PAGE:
With talks over a new labor agreement stalled, Kaiser Permanente workers, represented in Colorado by the Service Employees International Union (SEIU), staged “informational” pickets today in front of two Kaiser offices in Denver.
The union alleges that Kaiser is proposing, among other things, to increase health insurance copays for employees, reducing benefits, while making record profits and giving its CEO a 60 percent raise last year.
Kaiser, a leading provider of healthcare, is offering workers the lowest pay increase in decades, according to SEIU.
In response, Kaiser issued a statement expressing disappointment “some union leaders are choosing to make false allegations and pursue an adversarial, destructive approach as part of their bargaining strategy.”
Kaiser said it’s a non-profit organization that dedicates its revenues to its healthcare services, its members, and their communities.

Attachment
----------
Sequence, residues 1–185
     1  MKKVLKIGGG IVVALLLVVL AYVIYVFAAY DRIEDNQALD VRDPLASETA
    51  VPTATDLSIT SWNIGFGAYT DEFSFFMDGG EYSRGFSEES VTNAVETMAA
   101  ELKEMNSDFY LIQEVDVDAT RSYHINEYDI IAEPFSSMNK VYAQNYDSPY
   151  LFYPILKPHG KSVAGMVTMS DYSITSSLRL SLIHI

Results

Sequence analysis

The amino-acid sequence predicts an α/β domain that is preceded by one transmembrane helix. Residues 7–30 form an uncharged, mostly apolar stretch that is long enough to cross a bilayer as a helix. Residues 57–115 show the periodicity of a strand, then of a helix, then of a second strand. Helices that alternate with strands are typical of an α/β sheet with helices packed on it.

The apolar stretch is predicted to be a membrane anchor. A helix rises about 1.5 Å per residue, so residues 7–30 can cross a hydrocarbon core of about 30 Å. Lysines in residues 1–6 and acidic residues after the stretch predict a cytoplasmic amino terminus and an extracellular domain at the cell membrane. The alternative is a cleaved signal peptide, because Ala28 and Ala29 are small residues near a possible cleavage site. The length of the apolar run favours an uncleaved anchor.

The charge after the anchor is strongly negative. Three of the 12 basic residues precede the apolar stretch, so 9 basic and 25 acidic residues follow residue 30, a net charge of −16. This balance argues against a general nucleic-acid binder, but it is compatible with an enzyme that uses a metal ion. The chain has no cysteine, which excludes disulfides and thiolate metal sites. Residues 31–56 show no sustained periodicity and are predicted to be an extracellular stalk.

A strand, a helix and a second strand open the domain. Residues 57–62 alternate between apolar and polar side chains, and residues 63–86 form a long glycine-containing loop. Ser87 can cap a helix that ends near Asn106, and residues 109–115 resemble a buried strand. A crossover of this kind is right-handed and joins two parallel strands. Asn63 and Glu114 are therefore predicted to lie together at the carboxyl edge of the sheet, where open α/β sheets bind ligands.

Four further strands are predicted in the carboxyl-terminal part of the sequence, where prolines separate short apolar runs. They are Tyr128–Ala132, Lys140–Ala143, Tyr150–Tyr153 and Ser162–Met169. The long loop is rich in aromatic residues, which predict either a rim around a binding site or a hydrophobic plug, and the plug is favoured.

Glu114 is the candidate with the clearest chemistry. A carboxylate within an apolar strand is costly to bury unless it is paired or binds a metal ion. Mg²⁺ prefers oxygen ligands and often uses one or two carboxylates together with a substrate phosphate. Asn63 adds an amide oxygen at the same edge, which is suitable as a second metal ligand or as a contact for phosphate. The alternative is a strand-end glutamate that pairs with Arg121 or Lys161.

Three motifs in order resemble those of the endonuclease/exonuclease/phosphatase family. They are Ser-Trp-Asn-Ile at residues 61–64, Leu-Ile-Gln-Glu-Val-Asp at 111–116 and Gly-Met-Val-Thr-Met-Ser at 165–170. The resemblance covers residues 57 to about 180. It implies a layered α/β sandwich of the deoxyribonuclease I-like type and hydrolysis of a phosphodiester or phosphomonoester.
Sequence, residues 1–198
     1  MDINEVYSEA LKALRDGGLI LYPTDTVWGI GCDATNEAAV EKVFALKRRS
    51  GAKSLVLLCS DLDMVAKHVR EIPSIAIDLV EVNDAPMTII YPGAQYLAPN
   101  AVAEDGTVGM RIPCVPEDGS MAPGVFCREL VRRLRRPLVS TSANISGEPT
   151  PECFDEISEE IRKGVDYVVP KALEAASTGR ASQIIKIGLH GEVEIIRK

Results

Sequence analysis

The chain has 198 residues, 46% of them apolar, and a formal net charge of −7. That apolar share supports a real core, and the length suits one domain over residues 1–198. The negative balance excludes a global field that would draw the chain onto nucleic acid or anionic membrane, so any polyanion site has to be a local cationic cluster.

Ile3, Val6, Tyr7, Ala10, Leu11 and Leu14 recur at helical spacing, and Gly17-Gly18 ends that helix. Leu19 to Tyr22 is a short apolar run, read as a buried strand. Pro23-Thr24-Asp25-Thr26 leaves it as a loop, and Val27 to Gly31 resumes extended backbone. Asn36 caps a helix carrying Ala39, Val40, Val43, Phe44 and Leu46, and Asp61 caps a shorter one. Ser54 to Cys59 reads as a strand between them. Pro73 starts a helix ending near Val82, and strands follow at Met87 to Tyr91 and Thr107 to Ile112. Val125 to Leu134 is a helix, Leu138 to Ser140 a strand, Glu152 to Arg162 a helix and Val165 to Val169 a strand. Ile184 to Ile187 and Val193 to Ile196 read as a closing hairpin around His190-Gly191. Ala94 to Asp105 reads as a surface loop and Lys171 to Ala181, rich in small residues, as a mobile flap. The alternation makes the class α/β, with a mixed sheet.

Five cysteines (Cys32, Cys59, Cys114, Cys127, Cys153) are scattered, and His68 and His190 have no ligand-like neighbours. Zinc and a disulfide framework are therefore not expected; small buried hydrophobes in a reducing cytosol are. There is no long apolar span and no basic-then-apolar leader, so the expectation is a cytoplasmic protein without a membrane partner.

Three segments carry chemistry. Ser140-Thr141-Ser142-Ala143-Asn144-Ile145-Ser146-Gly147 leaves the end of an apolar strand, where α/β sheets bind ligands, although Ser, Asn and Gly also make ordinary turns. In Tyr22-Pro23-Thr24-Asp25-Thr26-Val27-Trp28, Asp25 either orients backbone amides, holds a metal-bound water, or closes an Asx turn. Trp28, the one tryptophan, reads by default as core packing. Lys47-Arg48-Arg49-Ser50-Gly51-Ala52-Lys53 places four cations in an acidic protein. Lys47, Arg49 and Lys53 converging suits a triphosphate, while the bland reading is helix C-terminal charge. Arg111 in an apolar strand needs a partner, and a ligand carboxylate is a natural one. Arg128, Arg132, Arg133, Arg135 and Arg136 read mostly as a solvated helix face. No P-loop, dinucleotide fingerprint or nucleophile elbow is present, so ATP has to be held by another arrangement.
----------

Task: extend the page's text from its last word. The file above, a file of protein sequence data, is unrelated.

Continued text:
“We are all here for our patients – not to earn a profit or pay shareholders. Kaiser Permanente, like other health plans, maintains financial reserves to cover our obligations if something unexpected were to occur or if regular business was interrupted,” the organization stated.
Kaiser Permanente Colorado did not respond to a request to verify that it gave its CEO at the national level a 60 percent pay raise last year.
“Caregivers across the state are ready to do what it takes, up to and including going on strike to win a contract that allows them to better do their jobs, take care of our communities, and feed their families,” states an SEIU news release.
In Colorado, SEIU Local 105 represents 3,500 Kaiser Permanente workers, who are among 85,000 unionized employees nationally.
The growing healthcare company covers 12.2 million members nationally, up from 12.1 million last year.